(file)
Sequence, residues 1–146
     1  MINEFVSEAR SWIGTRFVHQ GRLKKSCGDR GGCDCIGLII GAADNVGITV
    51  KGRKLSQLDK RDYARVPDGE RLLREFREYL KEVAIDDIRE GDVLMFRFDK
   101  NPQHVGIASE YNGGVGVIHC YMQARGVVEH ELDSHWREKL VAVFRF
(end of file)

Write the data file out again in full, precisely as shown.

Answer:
Sequence, residues 1–146
     1  MINEFVSEAR SWIGTRFVHQ GRLKKSCGDR GGCDCIGLII GAADNVGITV
    51  KGRKLSQLDK RDYARVPDGE RLLREFREYL KEVAIDDIRE GDVLMFRFDK
   101  NPQHVGIASE YNGGVGVIHC YMQARGVVEH ELDSHWREKL VAVFRF